VAWA is historic legislation passed into law in 1994 to respond to domestic violence, sexual assault, dating violence, and stalking. VAWA was last reauthorized in 2013. This authorization expired in 2018. Last Congress, the House passed a bipartisan reauthorization, but the Senate failed to take it up.
The Senate must act and pass the Violence Against Women Act Reauthorization Act of 2021!
Violence against women is a global public health crisis. According to the World Health Organization, 1 in 3 women worldwide experience physical or sexual violence by an intimate partner or sexual violence from a non-partner. In the United States, 1 in 4 women experiences physical or sexual violence by intimate partners. Additionally, more than 55 percent of female homicides in the U.S. are committed by intimate partners. During the COVID-19 pandemic, women have had increased exposure to abusive partners. In Puerto Rico, in a span of four weeks (from September 2020 to October 2020), 17 female homicides occurred. Gender-based violence in Puerto Rico is so prevalent that this past January, Puerto Rico’s governor, Pedro Pierluisi, issued a State of Emergency in response. We must fight back against this rampant violence and demand that the Senate pass the Violence Against Women Act Reauthorization Act of 2021!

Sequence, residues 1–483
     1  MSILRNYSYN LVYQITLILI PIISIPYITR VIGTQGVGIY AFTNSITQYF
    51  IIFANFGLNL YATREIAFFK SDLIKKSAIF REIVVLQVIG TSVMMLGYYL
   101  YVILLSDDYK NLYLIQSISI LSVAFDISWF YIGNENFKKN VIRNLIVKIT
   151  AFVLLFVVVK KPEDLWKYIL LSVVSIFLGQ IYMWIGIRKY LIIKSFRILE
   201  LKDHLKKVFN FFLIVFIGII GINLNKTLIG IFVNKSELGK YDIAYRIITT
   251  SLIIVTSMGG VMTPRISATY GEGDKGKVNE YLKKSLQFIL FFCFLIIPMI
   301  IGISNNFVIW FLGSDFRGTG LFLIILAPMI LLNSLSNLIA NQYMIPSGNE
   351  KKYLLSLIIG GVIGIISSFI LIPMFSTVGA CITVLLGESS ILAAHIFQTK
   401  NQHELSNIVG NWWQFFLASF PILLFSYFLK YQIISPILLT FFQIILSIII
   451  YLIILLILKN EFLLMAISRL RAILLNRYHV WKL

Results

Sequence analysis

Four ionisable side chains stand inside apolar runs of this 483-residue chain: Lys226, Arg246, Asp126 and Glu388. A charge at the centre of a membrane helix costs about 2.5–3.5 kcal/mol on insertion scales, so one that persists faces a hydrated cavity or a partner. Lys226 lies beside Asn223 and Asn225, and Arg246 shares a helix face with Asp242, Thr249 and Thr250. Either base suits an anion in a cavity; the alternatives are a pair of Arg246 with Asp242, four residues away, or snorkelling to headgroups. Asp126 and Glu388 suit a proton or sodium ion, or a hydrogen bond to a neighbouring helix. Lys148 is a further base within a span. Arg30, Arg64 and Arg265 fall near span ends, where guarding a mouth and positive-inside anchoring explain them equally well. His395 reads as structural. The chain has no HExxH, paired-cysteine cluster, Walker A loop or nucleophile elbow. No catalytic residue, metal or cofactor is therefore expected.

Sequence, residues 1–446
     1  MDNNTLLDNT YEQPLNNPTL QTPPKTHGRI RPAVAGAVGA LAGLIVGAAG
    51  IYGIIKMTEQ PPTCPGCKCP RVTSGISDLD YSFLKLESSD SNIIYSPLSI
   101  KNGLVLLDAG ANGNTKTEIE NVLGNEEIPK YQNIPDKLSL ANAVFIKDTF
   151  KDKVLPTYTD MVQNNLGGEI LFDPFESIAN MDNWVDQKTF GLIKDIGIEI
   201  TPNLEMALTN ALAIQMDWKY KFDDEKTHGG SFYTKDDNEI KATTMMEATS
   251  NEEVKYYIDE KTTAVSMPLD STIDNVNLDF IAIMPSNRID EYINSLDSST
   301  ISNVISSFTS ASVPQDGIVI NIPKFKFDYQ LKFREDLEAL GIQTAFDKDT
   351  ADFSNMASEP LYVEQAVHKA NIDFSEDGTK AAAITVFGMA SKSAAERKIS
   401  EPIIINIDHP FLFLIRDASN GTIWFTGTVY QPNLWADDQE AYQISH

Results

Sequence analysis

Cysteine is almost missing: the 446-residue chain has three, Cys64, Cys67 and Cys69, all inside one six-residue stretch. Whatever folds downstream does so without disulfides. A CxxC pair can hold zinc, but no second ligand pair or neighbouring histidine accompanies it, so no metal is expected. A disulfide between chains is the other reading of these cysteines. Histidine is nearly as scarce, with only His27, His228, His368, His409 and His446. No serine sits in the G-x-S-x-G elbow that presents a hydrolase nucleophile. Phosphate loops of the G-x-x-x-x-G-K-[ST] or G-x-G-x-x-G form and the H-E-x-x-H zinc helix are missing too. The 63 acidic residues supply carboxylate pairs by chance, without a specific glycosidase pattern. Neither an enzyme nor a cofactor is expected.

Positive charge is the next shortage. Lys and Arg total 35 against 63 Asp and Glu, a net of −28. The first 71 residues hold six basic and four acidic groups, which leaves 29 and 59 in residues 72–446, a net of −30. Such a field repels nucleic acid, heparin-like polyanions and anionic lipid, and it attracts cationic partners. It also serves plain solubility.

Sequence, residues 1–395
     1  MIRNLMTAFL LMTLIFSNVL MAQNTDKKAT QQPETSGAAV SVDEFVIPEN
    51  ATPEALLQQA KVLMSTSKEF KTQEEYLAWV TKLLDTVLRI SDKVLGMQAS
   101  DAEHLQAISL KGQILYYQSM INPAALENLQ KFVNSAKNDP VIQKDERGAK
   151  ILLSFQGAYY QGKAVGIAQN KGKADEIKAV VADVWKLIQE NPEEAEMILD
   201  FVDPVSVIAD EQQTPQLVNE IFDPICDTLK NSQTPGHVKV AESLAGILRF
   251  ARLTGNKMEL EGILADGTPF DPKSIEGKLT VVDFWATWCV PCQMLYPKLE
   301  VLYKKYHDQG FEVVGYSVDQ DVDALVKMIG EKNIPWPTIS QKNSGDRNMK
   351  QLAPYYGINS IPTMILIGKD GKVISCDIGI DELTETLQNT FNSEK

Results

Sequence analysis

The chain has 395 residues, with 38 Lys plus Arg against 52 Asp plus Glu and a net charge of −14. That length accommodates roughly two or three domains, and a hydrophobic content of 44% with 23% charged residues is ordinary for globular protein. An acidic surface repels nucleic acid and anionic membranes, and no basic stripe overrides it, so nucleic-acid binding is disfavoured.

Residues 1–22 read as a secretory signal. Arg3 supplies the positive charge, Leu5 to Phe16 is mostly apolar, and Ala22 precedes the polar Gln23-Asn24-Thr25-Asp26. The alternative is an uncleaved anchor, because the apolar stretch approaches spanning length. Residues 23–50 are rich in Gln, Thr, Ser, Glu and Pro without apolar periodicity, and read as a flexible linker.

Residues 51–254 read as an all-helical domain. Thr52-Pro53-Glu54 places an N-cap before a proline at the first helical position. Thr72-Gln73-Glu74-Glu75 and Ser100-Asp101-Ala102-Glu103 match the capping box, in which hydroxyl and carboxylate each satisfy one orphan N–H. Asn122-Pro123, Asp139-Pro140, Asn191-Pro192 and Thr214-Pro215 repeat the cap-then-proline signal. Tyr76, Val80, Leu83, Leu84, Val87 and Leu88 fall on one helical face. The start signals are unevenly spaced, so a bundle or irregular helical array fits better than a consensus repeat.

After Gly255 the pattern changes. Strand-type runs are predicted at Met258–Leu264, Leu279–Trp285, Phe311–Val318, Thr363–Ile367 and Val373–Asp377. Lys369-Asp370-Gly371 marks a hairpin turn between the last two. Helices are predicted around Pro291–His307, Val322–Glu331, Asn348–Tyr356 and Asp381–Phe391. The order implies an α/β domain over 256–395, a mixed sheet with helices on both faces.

The 2021 Violence Against Women Act Reauthorization of 2021 will close the “boyfriend loophole” by expanding the definition of who is affected by existing gun prohibitions to include dating partners. It will grant tribal courts new authority to prosecute non-Indians for sex trafficking, sexual violence, and stalking. It also offers expanded protections for LGBTQIA+ domestic violence and sexual assault survivors. The 2013 VAWA reauthorization expanded a civil rights provision prohibiting discrimination based on race, color, religion, national origin, sex, gender identity, sexual orientation, or disability in providing help. The 2021 reauthorization will create grants and services dedicated to supporting LGBTQIA+ domestic violence and sexual assault survivors.
This comes at a critical time as violence against trans people, particularly trans women, is steadily increasing. According to a 2015 survey, 47 percent of transgender people reported experiencing intimate partner violence and sexual assault. Fifty-three percent of Black transgender people reported experiencing intimate partner violence.
These horrific acts of senseless violence must end. Violence against women is a disease that bleeds through the veins of our country. As people of faith, we must speak up and hold our nation’s leaders accountable for addressing this crisis!
Contact Your Senator and Tell Them to Pass the Violence Against Women Act Reauthorization Act of 2021!